I spent another hour tearing out the stitching so that I can re-stitch it.  I was able to (mostly) retrace my stitches.  It's now ready for Kathy C.

After Ben and I delivered the quilts to the show site, we went to find four Geocaches in town before it got too dark to search for more.

quick note to catch up

The four quilts for the show this weekend are almost done and ready to go, labeled, bound, and with hanging sleeves...OK, missing one hanging sleeve, but that'll get done tomorrow.  I don't have to be anywhere in the morning, so I have a few hours to get that done.  I just have to find some more fabric to create the sleeve.

I also still have one more quilt--the last of three--to get done by Saturday for a customer who will meet me at the quilt show.  It's sitting in a box, waiting for me upstairs.  I'm heading up shortly to get it on the frame.

Yesterday, Cammie and Ben went to a "Messy Party" where they played all kinds of games and activities that were messy and fun.  They did chocolate syrup facials, bobbing for bananas, eating donuts off a string (hands free), and more.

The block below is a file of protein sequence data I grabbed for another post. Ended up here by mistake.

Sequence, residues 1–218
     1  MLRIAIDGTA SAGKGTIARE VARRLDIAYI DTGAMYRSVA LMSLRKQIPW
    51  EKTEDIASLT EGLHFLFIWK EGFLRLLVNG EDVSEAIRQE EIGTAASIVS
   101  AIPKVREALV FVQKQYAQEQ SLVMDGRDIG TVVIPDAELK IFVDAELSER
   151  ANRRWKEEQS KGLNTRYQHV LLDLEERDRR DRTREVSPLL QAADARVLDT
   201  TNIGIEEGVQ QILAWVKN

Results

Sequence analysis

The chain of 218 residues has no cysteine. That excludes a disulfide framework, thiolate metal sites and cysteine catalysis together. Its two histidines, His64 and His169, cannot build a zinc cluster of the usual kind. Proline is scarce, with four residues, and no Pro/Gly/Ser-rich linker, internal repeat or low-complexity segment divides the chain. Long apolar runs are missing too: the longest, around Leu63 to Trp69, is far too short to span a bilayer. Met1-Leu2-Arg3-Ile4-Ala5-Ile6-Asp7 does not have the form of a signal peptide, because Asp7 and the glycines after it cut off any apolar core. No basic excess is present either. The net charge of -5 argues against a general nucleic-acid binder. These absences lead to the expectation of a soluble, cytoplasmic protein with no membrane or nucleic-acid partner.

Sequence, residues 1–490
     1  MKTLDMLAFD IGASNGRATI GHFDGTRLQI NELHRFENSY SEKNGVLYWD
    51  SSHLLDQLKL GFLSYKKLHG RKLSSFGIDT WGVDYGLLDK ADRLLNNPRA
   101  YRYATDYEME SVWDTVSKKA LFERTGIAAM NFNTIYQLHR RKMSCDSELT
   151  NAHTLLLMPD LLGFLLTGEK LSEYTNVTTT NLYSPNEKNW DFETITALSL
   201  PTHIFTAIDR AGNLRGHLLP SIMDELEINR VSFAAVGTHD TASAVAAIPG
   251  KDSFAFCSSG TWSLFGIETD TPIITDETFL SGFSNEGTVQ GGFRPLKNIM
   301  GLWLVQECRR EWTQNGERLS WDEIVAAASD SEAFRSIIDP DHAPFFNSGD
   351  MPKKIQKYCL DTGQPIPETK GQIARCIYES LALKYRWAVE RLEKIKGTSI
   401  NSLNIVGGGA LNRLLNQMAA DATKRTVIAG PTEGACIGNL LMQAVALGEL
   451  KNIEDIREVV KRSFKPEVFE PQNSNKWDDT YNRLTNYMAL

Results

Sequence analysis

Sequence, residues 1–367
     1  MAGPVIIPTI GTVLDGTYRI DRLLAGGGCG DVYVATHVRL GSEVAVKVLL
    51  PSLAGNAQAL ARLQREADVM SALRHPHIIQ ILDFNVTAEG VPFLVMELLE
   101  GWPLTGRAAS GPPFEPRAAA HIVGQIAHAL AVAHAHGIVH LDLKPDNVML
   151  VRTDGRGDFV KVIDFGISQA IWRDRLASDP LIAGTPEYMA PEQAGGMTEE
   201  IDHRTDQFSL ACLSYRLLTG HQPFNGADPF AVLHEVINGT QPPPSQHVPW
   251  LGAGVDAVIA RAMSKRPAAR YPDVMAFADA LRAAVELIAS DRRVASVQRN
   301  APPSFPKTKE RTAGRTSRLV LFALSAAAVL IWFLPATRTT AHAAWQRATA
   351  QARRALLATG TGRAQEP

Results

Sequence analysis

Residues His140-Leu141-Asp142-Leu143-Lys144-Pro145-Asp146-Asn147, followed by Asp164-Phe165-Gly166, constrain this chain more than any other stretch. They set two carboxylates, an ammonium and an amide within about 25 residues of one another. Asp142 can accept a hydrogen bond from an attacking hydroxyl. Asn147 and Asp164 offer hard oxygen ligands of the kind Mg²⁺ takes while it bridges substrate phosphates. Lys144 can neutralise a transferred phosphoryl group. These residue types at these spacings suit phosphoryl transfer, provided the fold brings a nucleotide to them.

Other than that, it's been a really busy, but not really anything worth reporting.  We're making plans for our summer trip, making reservations at hotels and activities along the way.

Tuesday, July 16, 2013

Last Chaotic Day of the Summer?

I'm hoping that today was the last day I will experience massive chaos for the summer.  Trip for two to Children's for a mini check-up and research in the form of an ultrasound of Mr. B's liver, a common ailment with CF patients and they are trying to determine genetic or conditional factors, so they're checking healthy patients to see what they find.  Turns out he was supposed to have an empty stomach for 4 hours prior to the scan, and although he didn't eat breakfast, he had medications in the morning and his night feed kept pumping until 6:30 or so.  At best, he had 2 hours free of food prior to the test.  Granted, the thing pumps the feed at a whopping 75 mls an hour, which is about 1/3 cup an hour.  Woo.  Hopefully it won't negate any of the findings.